How Oil ETFs Perform Relative to the Oil Price (USO, SZO)

The price of crude oil is once again in a downtrend. Last week, CNBC ran a story claiming “US crude extends losses, entering technical bear market, down 20% from 2016 high.” Prior to this, crude oil rallied more than 40% from the beginning of the year to a high of $51.67 per barrel reached in June.

Such price movements offer opportunities for some risk-seeking investors. There are a multitude of Exchange Traded Funds (ETFs) available for retail investors to invest or trade in crude oil. There are straight oil ETFs that are supposed to track the price of crude, there are levered ETFs that magnify oil’s price movements, and there are inverse oil ETFs that allow investors to profit when crude oil prices fall. (See also: The Top 5 Inverse Oil ETFs).

How Useful Are Oil ETFs?

There are some key facts investors need to be aware of before jumping in and buying an oil ETF. The first one being that oil ETFs do a relatively poor job of tracking the price of oil crude oil. How can this be? Oil ETFs are exchange traded funds made up of oil futures contracts. Oil futures contracts expire, however, so the ETF must actively move from the expiring contract to the next contract, a process called “rolling”, to maintain the value of the fund.

On the surface, this doesn’t seem like a big deal, but the problem for ETF investors lies in the fact that two futures contracts are rarely priced the same.  When contracts in the future are priced higher, a situation called contango, the ETF ends up holding fewer contracts than it did before the roll. The table below provides an example.

Future Contract Roll













The ETFs value should not be affected by the roll, so the goal of the ETF is to maintain a value of 100 from the first month to the second. Since oil prices are higher in the future, to maintain the ETFs value, the fund requires fewer contracts. Over time this “roll cost” from contango negatively affects the performance of the fund. If oil prices simply stand still, contango ensures that the fund will decline over time, according to

Oil prices are currently in contango, and this is weighing down investment performance.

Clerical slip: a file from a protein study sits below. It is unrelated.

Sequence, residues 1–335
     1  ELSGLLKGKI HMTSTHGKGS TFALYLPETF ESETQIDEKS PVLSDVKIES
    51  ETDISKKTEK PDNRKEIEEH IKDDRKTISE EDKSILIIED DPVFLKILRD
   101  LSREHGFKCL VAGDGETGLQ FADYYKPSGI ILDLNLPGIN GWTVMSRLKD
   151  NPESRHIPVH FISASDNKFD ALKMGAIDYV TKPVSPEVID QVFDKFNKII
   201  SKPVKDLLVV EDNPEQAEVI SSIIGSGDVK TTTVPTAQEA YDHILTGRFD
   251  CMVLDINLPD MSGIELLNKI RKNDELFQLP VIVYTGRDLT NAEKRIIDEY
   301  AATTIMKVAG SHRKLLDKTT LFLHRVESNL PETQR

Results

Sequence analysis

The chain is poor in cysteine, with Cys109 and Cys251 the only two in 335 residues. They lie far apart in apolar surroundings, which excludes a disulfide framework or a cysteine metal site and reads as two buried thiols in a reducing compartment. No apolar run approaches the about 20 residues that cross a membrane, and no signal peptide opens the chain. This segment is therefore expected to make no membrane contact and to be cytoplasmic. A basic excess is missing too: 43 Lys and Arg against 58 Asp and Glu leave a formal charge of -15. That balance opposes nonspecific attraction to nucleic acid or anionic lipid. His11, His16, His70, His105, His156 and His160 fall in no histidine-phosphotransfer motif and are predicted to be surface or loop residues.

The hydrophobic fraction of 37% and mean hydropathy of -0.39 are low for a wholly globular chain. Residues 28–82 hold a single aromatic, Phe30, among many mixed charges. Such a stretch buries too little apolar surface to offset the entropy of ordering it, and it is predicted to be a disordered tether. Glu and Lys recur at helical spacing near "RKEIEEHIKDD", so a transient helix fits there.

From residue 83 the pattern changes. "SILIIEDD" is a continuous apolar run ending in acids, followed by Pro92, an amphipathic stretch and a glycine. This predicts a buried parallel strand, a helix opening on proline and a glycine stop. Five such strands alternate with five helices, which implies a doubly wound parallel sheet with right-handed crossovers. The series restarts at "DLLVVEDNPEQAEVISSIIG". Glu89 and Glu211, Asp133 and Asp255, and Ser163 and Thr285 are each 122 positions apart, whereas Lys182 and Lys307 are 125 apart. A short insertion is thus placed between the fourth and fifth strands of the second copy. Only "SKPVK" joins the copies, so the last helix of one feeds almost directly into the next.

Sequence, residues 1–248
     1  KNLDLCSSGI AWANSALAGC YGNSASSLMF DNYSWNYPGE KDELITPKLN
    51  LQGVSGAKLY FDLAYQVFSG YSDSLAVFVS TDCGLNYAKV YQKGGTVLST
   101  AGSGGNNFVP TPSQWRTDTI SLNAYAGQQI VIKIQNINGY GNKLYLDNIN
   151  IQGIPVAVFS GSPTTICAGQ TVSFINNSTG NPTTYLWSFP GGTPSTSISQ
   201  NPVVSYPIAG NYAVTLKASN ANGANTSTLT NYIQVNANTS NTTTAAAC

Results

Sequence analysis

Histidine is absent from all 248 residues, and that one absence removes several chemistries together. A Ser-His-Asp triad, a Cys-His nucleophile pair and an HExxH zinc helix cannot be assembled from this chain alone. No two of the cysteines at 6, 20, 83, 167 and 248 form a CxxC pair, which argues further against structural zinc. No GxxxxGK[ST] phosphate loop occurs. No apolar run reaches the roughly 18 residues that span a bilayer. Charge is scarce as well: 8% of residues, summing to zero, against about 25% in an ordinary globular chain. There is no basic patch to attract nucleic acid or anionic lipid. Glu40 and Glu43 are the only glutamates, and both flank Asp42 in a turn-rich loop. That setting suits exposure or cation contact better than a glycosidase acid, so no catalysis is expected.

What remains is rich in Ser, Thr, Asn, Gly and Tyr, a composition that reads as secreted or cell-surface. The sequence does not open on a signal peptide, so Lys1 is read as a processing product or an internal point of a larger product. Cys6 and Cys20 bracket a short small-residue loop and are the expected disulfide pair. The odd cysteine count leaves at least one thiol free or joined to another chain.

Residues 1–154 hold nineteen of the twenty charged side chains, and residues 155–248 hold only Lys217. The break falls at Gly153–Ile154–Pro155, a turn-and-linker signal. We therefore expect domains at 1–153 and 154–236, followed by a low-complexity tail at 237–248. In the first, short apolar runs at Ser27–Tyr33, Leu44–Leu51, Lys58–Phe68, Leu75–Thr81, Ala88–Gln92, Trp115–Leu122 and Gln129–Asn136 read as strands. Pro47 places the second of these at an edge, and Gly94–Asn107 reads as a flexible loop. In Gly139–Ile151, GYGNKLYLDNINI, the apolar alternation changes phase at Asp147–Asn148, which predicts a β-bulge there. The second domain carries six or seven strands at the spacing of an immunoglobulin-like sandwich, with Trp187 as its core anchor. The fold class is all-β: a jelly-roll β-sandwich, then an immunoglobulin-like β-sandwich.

ETF Performance Year-to-Date

The evidence seems to reflect this fact. The price performance of various oil ETFs in 2016 shows investors may not be getting what they expect, regardless of which bet they took on the direction of the oil price. For example, three Oil ETFs (USO, USL and DBO) are all lagging the price of oil (blue line) in 2016.

Source: Tradingview

Inverted ETFs are not much better, as seen in the chart below. Oil prices are up from where they started in 2016, so one would expect ETFs designed to bet on a falling oil price to be underperforming. The ProShares Short Oil & Gas ETF (DDG) under-performed in February when oil prices fell sharply. An investor who sold oil at the beginning of the year would have made a return of 40% by February as shown by the inverted price of oil (blue line). The same investor would have made only 8% by owning the DDG ETF.

The DB Crude Oil Short ETN (SZO) did a better job of tracking oil’s fall in the early months of 2016, but has been much less volatile in the rising price environment seen recently. This is perhaps a good thing for investors right now, but this ETF may eventually lag the price of oil in a falling price environment and could fail to deliver expected returns because of its low correlation with the underlying oil price.

Source: Tradingview

The Bottom Line

Investors need to be careful about return expectations when investing in oil related ETFs. The roll that is a fact of life in the futures market can severely affect the return performance of these funds. The performance related issues also seem independent of the directional bet on the price of oil. For example, inverted ETFs also show a relatively low correlation with the underlying price movement of crude oil.

Disclaimer: Gary Ashton is an oil and gas financial consultant who writes for Investopedia. The observations he makes are his own and are not intended as investment advice. Gary does not invest in any of the ETFs mentioned.

Take the Next Step to Invest
The offers that appear in this table are from partnerships from which Investopedia receives compensation. This compensation may impact how and where listings appear. Investopedia does not include all offers available in the marketplace.